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Int. J. Environ. Res. Public Health 2016, 13(6), 584; https://doi.org/10.3390/ijerph13060584

Review
Remote Sensing-Driven Climatic/Environmental Variables for Modelling Malaria Transmission in Sub-Saharan Africa
School of Agricultural, Earth and Environmental Sciences, University of KwaZulu-Natal, Westville Campus, Durban 4000, South Africa
*
Author to whom correspondence should be addressed.
Academic Editor: Jamal Jokar Arsanjani
Received: 8 April 2016 / Accepted: 8 June 2016 / Published: 14 June 2016

Abstract

:
Malaria is a serious public health threat in Sub-Saharan Africa (SSA), and its transmission risk varies geographically. Modelling its geographic characteristics is essential for identifying the spatial and temporal risk of malaria transmission. Remote sensing (RS) has been serving as an important tool in providing and assessing a variety of potential climatic/environmental malaria transmission variables in diverse areas. This review focuses on the utilization of RS-driven climatic/environmental variables in determining malaria transmission in SSA. A systematic search on Google Scholar and the Institute for Scientific Information (ISI) Web of KnowledgeSM databases (PubMed, Web of Science and ScienceDirect) was carried out. We identified thirty-five peer-reviewed articles that studied the relationship between remotely-sensed climatic variable(s) and malaria epidemiological data in the SSA sub-regions. The relationship between malaria disease and different climatic/environmental proxies was examined using different statistical methods. Across the SSA sub-region, the normalized difference vegetation index (NDVI) derived from either the National Oceanic and Atmospheric Administration (NOAA) Advanced Very High Resolution Radiometer (AVHRR) or Moderate-resolution Imaging Spectrometer (MODIS) satellite sensors was most frequently returned as a statistically-significant variable to model both spatial and temporal malaria transmission. Furthermore, generalized linear models (linear regression, logistic regression and Poisson regression) were the most frequently-employed methods of statistical analysis in determining malaria transmission predictors in East, Southern and West Africa. By contrast, multivariate analysis was used in Central Africa. We stress that the utilization of RS in determining reliable malaria transmission predictors and climatic/environmental monitoring variables would require a tailored approach that will have cognizance of the geographical/climatic setting, the stage of malaria elimination continuum, the characteristics of the RS variables and the analytical approach, which in turn, would support the channeling of intervention resources sustainably.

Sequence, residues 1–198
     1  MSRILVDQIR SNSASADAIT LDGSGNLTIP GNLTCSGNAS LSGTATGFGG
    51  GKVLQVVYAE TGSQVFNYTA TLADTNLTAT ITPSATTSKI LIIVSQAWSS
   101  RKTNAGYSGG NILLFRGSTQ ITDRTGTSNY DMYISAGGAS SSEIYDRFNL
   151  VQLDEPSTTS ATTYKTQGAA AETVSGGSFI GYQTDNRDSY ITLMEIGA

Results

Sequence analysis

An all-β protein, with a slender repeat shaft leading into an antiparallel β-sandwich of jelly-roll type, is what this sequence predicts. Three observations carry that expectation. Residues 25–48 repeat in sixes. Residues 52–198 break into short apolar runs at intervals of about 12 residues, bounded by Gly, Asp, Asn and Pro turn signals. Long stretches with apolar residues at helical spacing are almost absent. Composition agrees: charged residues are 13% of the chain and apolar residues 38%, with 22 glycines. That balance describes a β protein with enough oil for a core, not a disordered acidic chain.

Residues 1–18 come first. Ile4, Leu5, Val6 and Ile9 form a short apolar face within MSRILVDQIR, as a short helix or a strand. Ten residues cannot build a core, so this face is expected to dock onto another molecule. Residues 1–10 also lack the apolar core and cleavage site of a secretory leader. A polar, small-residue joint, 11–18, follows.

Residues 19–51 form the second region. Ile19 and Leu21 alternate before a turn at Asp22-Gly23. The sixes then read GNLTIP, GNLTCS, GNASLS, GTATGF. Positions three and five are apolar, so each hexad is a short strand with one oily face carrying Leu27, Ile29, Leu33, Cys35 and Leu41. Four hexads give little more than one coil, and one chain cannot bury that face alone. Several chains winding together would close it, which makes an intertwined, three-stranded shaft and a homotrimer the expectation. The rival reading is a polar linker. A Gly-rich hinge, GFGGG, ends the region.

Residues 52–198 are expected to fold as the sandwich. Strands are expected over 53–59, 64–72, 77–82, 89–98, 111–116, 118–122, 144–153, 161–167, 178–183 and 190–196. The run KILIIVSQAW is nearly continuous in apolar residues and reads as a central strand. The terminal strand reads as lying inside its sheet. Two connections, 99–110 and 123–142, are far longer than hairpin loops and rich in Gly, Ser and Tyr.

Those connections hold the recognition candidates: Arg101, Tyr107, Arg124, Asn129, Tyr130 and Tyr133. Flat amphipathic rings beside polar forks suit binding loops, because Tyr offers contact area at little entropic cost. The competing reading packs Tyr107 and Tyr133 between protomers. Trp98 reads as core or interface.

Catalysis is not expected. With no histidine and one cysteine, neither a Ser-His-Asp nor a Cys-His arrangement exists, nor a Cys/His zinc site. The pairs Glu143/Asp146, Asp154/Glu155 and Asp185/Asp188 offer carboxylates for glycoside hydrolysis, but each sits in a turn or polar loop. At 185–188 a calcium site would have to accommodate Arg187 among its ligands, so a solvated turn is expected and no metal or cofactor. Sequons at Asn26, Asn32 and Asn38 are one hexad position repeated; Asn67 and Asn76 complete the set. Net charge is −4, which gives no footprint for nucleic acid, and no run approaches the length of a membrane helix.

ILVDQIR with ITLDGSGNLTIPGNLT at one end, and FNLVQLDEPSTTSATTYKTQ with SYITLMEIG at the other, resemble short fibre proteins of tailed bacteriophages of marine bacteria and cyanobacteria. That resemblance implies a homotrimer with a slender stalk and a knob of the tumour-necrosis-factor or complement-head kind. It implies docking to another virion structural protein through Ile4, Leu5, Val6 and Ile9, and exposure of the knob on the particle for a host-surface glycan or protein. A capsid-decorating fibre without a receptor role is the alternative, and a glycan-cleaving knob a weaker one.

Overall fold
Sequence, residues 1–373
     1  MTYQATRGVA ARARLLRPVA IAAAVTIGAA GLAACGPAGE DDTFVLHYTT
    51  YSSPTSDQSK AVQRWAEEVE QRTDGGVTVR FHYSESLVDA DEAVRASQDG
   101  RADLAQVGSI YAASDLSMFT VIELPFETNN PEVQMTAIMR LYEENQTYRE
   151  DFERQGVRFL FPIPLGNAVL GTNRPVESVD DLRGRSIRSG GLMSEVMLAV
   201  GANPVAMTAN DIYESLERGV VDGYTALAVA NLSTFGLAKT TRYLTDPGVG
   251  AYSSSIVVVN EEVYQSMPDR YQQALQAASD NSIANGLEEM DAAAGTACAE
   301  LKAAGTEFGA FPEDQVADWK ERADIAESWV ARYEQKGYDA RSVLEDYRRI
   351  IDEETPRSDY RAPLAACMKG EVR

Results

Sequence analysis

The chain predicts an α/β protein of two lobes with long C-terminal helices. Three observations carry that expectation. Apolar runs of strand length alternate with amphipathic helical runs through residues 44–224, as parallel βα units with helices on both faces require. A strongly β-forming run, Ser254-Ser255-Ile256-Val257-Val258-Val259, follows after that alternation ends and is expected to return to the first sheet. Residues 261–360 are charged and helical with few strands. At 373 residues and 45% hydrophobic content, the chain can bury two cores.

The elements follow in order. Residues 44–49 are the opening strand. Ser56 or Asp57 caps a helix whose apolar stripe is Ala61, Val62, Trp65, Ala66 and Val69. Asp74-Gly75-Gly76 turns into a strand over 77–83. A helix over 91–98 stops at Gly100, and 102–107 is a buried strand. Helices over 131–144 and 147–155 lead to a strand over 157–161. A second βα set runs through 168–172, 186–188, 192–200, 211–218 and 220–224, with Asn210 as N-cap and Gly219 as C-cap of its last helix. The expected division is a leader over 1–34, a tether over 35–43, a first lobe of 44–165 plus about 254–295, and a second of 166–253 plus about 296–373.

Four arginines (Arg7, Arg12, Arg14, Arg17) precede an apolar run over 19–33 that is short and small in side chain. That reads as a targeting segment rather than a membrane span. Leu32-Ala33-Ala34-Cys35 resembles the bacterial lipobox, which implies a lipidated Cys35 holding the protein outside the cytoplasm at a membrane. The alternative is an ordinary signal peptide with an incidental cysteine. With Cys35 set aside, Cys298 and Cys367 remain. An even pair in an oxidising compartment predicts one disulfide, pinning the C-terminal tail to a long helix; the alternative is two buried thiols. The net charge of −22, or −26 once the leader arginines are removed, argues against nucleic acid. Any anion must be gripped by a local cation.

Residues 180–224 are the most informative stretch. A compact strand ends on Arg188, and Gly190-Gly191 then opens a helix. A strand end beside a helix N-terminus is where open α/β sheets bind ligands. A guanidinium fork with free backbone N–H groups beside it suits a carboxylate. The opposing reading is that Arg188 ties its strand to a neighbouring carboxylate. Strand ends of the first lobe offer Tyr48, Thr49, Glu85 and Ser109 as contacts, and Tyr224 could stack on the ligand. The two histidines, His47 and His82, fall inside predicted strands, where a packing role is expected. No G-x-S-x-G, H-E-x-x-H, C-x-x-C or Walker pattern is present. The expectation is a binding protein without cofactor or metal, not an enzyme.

Keywords:
remote sensing; climatic/environmental variables; predictors; epidemiology; Sub-Saharan Africa

1. Introduction

Malaria remains the number one killer of all infectious diseases in Sub-Saharan Africa (SSA) [1]. In 2013, an estimated 198 million malaria cases and 584,000 malaria deaths were recorded. About 90% of the malaria deaths recorded were from the SSA region [2]. Out of all known malaria parasites, viz. Plasmodium falciparum, P. vivax, P. ovale, P. malariae and P. knowlesi [2], P. falciparum is the most prevalent of the human malaria parasites in SSA, while the P. vivax malaria parasite is more common across the Horn of Africa [3]. The spatial and temporal variation of malaria disease is known to be influenced by socio-economic/human, ecological/environmental and climatic factors [4,5]. The climatic variables suggested to possess a direct and indirect influence on malaria transmission are rainfall, temperature, altitude and humidity [6,7,8,9,10,11,12]. Rainfall expands mosquito breeding habitats, which in turn, increases its population densities and risk of malaria transmission [13]. Nevertheless, excessive rainfall is also capable of flushing the breeding sites [14]. The completion of the malaria life cycle is suited to temperatures between 15 °C and 40 °C and between 16 °C and 33 °C for the development and survival of mosquitoes [13,15]. Regarding bite rates and feeding habits, at 17 °C, mosquitoes take a human blood meal every four days, while at 25 °C, they feed on humans every two days [13]. Altitude has an indirect relationship with temperature, and as such, areas above 1500 m in Africa have little or no risk of malaria transmission [16]. Relative humidity above 60% does not substantially affect the longevity of mosquitoes, but relative humidity lower than 10% results in death within hours [17], while malaria parasites develop between 55% and 80% humidity [18]. The aforementioned climatic variables have been shown to be important malaria transmission indicators that can be used to determine and predict the spatial and temporal distribution of the disease. Consequently, this can guide malaria control managers in decision and policy making in distributing cost-effective intervention resources in time and space [19].
There has been a wide interest in the development of reliable malaria risk maps, forecast models or integrated malaria early warning systems based on the combination of historical malaria case data and selected climatic/environmental variables [6,8,9,10,11,12,20] so that intervention resources can be channeled before an epidemic occurs [19]. This further indicates the importance of acquiring and utilizing historic climatic variables to adequately study and understand the role they play in the temporal and spatial heterogeneity of malaria. Historical climatic variables obtained from meteorological stations have proven to be vital in identifying and modelling malaria transmission [21]. However, limited numbers of meteorological stations, which are additionally located far apart, and malfunctioning of meteorological station resources make it challenging to obtain historical and spatially-continuous observations of climatic/environmental variables on a wider geographical scale in SSA [22]. Therefore, the need to search for and acquire alternative, indirect or proxy data from remote sensing (RS) is essential [20,22].